Now that Raulin had his docket for the year, he was expected to spend the next few days planning out all the intricacies.  He would start by tracing the map of eastern Gheny and plotting where each job was located.  He was told to allot an average of two weeks per contract, add travel time, then calculate the likelihood of other trirecs affecting his work, the weather being uncooperative, local festivals impeding his movement, and other things. The timing should be precise, down to the hour, and a full year of mitigated risks.

And painters should always sketch out their work before they begin their work.

Raulin was prolific, as Stavro had admitted. There weren’t many trirecs working who took a full docket and finished them in a year.  It might be a dozen out of the thousands working. The maximum was set at twenty-four in twelve months, which was an unlikely average to attain. It would take at least a week to gather enough information about the schedules of a household in order to find the most opportune time to slip in and do the deed.  Add a few more to get the right accessories, pay off the right people, and wait for the right time, and you had your two weeks.  Any faster would be foolhardy.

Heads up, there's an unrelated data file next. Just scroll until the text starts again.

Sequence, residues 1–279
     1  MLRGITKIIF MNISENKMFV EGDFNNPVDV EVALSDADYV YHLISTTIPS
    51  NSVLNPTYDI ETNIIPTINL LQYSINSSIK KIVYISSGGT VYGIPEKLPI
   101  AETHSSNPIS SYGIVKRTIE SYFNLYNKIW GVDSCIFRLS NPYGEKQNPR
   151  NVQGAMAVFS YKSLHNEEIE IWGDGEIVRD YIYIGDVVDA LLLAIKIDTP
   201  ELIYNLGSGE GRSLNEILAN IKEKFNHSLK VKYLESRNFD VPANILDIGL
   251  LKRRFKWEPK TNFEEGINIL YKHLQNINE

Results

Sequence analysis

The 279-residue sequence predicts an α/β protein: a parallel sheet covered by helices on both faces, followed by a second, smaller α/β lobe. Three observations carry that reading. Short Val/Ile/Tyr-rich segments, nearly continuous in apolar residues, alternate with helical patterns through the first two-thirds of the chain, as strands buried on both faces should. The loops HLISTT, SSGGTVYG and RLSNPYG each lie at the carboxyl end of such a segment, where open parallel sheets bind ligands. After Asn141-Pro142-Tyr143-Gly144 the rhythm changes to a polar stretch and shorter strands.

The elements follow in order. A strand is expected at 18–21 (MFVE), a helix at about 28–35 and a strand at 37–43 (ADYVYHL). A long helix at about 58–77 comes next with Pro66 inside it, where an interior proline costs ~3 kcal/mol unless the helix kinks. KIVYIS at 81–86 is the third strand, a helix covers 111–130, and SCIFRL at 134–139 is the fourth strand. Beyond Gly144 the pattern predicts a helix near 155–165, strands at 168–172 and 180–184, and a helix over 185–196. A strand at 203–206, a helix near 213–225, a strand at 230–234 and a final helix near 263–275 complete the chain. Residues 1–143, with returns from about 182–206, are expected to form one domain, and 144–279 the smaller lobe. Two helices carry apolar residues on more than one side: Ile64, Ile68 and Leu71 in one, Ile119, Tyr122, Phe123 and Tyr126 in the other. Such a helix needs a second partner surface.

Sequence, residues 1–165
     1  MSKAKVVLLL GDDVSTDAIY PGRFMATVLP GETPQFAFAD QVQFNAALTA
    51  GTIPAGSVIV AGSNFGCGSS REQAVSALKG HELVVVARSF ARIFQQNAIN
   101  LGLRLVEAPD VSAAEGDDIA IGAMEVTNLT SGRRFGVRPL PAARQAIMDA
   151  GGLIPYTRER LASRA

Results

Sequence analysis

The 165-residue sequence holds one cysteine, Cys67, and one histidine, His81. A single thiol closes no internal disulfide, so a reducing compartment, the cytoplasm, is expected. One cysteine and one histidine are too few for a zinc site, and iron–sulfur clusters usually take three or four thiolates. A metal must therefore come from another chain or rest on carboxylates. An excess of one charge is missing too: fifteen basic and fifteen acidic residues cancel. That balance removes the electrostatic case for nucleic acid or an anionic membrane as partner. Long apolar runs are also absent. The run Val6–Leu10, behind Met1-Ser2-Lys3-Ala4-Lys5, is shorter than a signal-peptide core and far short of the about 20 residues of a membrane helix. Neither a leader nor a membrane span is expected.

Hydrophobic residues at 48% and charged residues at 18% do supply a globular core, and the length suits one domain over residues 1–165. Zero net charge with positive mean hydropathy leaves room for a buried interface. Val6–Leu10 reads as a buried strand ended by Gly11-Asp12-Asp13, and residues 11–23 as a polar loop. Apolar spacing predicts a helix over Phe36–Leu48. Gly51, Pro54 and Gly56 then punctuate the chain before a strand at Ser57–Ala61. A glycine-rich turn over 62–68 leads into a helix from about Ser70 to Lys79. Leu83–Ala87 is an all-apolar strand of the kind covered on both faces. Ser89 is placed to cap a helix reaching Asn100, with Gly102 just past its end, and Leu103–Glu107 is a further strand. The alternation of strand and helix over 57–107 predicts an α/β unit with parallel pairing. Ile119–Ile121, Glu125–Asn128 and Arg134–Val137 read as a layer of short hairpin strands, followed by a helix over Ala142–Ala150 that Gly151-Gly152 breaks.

Well, foolhardy was where Raulin excelled.  He took stupid risks, got caught, wriggled out of the situation, and got hurt far more frequently than he wanted to, far more than other trirecs.  He had been caught or arrested over a dozen times in last eight years, a remarkable amount.  The only reasons he hadn’t been shipped back to Arvarikor and re-educated was that he had never broken the unmasking rule and that he broke records for speed.  He got jobs completed where others couldn’t.

Most in the organization thought Raulin was extremely ambitious and hoped to one day take on pupils or run a compound like the one he was at.  In fact, his payoff for finishing a few months early was finding a lovely little country and soaking himself in strong booze, good company, and amazing food. Without the weight of the mask on his face, he would almost forget everything he’d done over the previous year.

He planned to do it again, estimating nine and a half months at his normal pace. He’d head north, first to take care of this new contract in Carvek, then spend some time picking the pockets of the lords and ladies of Courmet and Shingden, swing up through Eerie and Quisset, back down around the Great Gheny Bay and parts south, and finally looping over to Genale, where he’d likely spend his vacation on the gray sandy beaches.

All of the information was copied down into a small journal that he had bought when he was in the market with Neshihon. His old one, bound in black leather with a clasp of sapphire, diamonds, and emeralds had been with his effects on the Spirowan. Out of all the clothes, mementos, and letters he’d lost, it was the one thing he actually missed.

While Raulin wrote out his travels, Isken was busy duplicating paperwork and sending out icons. When a contract was taken, the contractee was given a small, metal symbol of Arvarikor, a vertical line with three horizontal bars of decreasing length. If they chose to cancel the contract, they were required to send the icon back within twenty-four hours.